Neighbours object to pharmacist renting spare room to colleagues

When the healthcare professional applied for a licence, six neighbours objected.

Neighbours object to pharmacist renting spare room to colleagues LDRS

A healthcare professional’s bid to continue providing colleagues with a home from home sparked objections from neighbours who feared he was planning to operate a holiday let.

Pharmacist Dagmawi Orion Debench bought his new home on Craighall Drive, Musselburgh, in December and planned to carry on offering a spare room to fellow professionals, as he had in former homes, after moving in.

However, new legislation introduced by the Scottish Government requires anyone operating short term lets, including home-sharing, to apply for a licence.

When Mr Debench applied to East Lothian Council for a licence, six neighbours objected.

A meeting of the council’s licensing sub-committee last week heard the objections related to concerns about potential antisocial behaviour and the impact of a holiday let on a family-focused community as well as claims title deeds for the homes ruled out letting.

Mr Debench’s lawyer Lynn Simpson told the committee it was “unfortunate” that objectors appeared to misunderstand the difference between home-sharing and secondary letting.

She moved to reassure the committee that her client would still be living in the home, adding the practice of letting a room for a small fee to fellow professional was common in the healthcare world.

She said: “Mr Debench is a healthcare professional and has over the years opened up his homes to other healthcare professionals for short term accommodation in connection with their jobs.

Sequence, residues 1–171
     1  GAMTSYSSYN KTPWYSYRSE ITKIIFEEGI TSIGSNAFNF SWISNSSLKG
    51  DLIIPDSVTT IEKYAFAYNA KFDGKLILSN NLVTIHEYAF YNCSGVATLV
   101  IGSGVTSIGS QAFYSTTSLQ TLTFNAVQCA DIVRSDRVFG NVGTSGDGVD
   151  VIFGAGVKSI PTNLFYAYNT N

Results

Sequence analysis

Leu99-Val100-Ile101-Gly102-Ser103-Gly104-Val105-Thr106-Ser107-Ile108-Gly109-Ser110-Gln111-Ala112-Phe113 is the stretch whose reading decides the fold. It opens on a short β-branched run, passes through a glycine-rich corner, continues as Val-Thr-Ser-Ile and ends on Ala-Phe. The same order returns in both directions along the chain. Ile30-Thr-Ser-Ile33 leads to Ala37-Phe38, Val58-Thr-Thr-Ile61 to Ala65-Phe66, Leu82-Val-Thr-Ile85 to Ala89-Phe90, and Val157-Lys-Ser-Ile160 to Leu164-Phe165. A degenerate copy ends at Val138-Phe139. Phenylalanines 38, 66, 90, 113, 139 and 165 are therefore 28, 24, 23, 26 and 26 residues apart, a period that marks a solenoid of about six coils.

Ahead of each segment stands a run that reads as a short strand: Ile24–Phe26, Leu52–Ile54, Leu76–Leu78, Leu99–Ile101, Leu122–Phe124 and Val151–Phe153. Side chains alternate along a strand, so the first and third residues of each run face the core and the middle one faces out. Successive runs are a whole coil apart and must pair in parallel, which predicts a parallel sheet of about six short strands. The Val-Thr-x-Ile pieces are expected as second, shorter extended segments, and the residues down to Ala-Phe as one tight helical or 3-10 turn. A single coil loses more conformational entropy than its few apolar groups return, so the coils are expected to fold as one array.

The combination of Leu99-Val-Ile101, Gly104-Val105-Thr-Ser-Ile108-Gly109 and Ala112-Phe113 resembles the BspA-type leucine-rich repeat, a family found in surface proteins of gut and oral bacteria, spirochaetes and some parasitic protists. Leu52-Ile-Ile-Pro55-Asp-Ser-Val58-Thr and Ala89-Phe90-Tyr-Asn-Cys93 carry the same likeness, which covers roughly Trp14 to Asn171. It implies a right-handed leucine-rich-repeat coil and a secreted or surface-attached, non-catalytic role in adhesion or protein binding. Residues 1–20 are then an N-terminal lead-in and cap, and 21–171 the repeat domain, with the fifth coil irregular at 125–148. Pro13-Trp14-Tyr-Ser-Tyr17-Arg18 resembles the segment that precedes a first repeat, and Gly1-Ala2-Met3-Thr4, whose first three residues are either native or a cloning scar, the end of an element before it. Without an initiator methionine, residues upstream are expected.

“Those people are maybe called to the area to help deal with an urgent case or to deliver training, they do not always want to stay in a hotel.”

Ms Simpson said she had asked her client for examples of the types of guests he had at previous properties and told the committee: “One helpful example I will share is a guest who was one of the few surgeons in Scotland specialising in heart transplants and the nature of the work meant he was often called to hospitals around the country at very short notice.

“He would occasionally come and stay for four or five days at a time because the distance was too far for him to return to his own home.

“He preferred these types of home-sharing arrangements rather than staying in hotels to make sure he had a quiet place to rest after what, I am sure, is a very intense shift.”

She said the home-letting aspect of the licence was to cover if he was offering accommodation when away or on holiday.

She said: “I think there has been a misconception from the objectors about what we are seeking to do.

“The objections talk about HMO type properties or holiday lets with a stream of guests, that is not going to be an issue here. It is largely for home-sharing and occasional home-letting.”

No objectors attended the meeting and the committee approved the licence unanimously.

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